Monday, 25 March 2013

Raising Kids is not for the Fainthearted

Having suffered the trials and tribulations of infant mortality and spending worrisome hours trying to teach a group of new mothers some maternal skills, we have 4 surviving kids out of a possible 7. Not a score to be proud of and the report card would definitely say, 'can do better' but all now seems to be running smoothly.

Chocolate and Orio snuggle up to Mum Molly
Molly, the last to drop her kids, conveniently gave notice and we were able to get her penned and Lyn actually watched the births while I listened to the commentary over the phone. Thus Orio (after the biscuit) and Chocolate joined Rodney (the first survivor) and Cocoa. Two boys and two girls represent the sum total of our goat increase. There are also 3 lambs in the paddock but sheep just don't have the charm that goats do and so they are largely getting on with their lives and learning to be sheepish about approaches from human kind.

Having learnt from Polly's experience that life in the big paddock can be harsh, we again had this lesson presented to us with the birth of Sugar's kids. Like many animals, she chose the worst of days to drop vulnerable babies into the world and like Polly didn't really seem to have a clue. One kid was gone to meet her siblings in the goat heaven for kids with no life experience but the other was struggling valiantly to hang in there to see whether the world was all that it was cracked up to be. I tried everything to bond mother and child but in the general bustle of goat society, one little kid wasn't getting a look in. Determined to be a better foster carer than the last time I decided to intervene, taking the now shivering kid indoors to dry and warm on the heated kitchen floor.

Now, when you've taken some one in, got them dry and warmed them up and introduced them to the concept of cuddles, you can hardly toss them out again into the sleet and cold to a mother who is in denial. It seemed that the best solution would be to bring mother and kid together in a dry place where there would be no distraction and the two could get to know one another. An impromptu corral of gates and the back of the trailer, a scattering of straw, a few treats and a bowl of water and all was ready. By this time the girls had gone to bed and it felt a bit cruel to call them up to the gate but a few treats and they were happy. A quick grab had Sugar by the horn and out the gate where she was lured across the yard by the rattle of the pellet jar.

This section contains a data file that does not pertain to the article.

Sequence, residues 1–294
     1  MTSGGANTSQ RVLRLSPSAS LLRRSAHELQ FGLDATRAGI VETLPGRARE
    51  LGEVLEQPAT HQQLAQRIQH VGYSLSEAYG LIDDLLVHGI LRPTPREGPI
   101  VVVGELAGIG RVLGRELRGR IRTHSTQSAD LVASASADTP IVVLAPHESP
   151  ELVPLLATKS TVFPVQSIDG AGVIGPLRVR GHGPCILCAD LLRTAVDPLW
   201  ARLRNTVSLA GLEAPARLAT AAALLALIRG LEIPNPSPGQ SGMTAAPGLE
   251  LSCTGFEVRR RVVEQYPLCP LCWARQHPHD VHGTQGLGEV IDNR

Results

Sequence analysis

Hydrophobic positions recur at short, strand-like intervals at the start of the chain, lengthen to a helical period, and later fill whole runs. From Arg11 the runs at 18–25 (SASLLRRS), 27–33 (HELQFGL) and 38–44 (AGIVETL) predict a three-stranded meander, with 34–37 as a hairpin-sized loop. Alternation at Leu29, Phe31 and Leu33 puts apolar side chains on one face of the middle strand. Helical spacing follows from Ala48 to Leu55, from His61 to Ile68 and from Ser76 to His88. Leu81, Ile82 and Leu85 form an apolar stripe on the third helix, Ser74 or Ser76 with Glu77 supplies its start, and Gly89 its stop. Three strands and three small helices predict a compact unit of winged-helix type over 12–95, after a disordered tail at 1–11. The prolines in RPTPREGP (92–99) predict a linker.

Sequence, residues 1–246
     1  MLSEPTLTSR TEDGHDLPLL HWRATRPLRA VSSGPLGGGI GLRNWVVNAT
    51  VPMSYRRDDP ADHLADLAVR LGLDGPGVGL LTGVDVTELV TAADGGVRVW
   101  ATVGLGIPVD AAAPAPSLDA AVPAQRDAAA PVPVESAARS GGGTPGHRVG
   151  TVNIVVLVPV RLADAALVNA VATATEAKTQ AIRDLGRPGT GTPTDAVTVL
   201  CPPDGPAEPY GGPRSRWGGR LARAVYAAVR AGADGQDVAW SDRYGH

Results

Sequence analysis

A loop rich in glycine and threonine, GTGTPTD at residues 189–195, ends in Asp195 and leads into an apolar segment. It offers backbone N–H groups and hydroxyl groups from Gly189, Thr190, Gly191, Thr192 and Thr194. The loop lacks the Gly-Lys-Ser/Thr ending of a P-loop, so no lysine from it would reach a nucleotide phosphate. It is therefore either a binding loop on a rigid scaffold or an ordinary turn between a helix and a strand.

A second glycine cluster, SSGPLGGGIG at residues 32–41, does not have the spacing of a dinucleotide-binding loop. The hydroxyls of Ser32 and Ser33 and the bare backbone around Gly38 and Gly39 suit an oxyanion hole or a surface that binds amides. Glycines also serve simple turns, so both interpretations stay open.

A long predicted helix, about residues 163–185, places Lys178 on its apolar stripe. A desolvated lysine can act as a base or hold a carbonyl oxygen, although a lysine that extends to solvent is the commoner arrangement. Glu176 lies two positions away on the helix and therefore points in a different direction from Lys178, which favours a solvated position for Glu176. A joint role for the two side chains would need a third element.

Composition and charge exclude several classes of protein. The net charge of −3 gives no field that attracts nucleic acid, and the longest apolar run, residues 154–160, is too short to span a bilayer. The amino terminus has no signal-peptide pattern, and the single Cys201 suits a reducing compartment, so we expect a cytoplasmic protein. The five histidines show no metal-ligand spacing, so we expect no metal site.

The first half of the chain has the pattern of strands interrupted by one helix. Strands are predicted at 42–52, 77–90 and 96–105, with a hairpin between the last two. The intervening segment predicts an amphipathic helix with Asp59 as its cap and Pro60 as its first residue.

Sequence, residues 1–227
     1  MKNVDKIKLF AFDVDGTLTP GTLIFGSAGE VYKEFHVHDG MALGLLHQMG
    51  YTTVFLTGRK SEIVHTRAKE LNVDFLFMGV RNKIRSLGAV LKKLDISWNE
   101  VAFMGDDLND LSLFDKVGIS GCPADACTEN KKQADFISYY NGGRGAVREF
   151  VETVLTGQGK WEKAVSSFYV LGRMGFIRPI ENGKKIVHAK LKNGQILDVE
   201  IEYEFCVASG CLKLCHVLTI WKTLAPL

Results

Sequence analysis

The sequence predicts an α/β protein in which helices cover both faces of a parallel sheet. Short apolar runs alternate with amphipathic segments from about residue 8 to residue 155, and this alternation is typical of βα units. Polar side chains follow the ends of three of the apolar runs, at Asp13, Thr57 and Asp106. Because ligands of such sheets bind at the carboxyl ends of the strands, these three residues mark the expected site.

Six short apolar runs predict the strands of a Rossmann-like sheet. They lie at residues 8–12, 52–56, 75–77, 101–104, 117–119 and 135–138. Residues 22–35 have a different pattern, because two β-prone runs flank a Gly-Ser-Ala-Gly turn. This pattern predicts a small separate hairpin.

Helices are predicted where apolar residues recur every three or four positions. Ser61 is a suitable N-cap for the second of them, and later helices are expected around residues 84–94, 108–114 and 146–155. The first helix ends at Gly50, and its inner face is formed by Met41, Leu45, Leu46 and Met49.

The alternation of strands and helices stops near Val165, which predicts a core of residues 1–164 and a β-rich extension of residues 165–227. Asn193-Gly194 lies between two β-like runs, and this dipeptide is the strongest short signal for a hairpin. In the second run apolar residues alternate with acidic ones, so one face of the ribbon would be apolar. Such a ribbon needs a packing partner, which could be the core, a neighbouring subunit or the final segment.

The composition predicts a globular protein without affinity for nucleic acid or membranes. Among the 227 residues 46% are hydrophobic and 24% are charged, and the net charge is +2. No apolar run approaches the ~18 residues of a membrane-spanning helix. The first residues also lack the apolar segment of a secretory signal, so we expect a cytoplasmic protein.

Once Sugar was installed in the pen I brought her kid to join her. He was now warm and dry and ready to be introduced to the delights of suckling. Nature was left to take its course. This confinement (isn't that what the Victorians called the birthing experience?) did the trick and by morning Sugar and Rodney (for that was now his name) had become a team. Subsequent births went much more smoothly and before too long our little flock was complete with 4 bleating kids and 3 udderly mystified mothers.
Toffee welcomes Cocoa and proves the perfect parent

All the kids come out to play
Being new to the whole 'life on the farm' scenario we have watched with interest, awe, delight and consternation the familial relations or our little flock. Whilst the sheep are conscientious about keeping their lambs in sight and can be heard giving guttural calls to wayward young, the goats are quite content to leave their kids for hours at a time. This gave us great concern at first as we would scour the paddocks looking for 'lost' kids, finding them happily curled up together and oblivious to the fact that they were the victims of parental neglect. When Rodney was the only child, to find him abandoned at the opposite end of the paddock while his mother carried on as though she were still an independent woman, was a cause of some concern. We picked up Rodney and carried him to mum only to have her turn around and frolic off with the others. We did in fact have to intervene again with an effort to bond these two after Rodney got wet and cold and was showing genuine signs of neglect.
Rodney meets his new sibling

A new friendship
Rodney heads to his new home

Finally, the sun started to shine, the grass to grow and the goat girls seem to get a grasp on what was going on. We were farming!!!

Just like having real kids, goatses and sheepses come with responsibilities and liabilities. Worming, docking, castrating and feeding need to be carried out in due time and season. With extra appetites and mouths to feed we found that our paddocks that the season before had been over grown, were starting to look a bit spartan and so the plans began to fence off new areas and divide paddocks, rotating stock in an effort to please the needs and tastes of all and maintain some pasture for the coming winter.

Orio gets out to explore
Before Christmas, we fare-welled our wethers and have been enjoying their transformation into chops and curry while watching the new lambs rapidly increase in size. The sheep however are of little interest to visitors with their anti social tendency to run away at the sight of humans but the goats have endeared themselves to many visitors to the cottage. The curiosity and natural affection of the kids has charmed ourselves and visitors to the extent that we are relieved that each kid has found a foster home to go to and this year's goat increase will escape the fate of the freezer.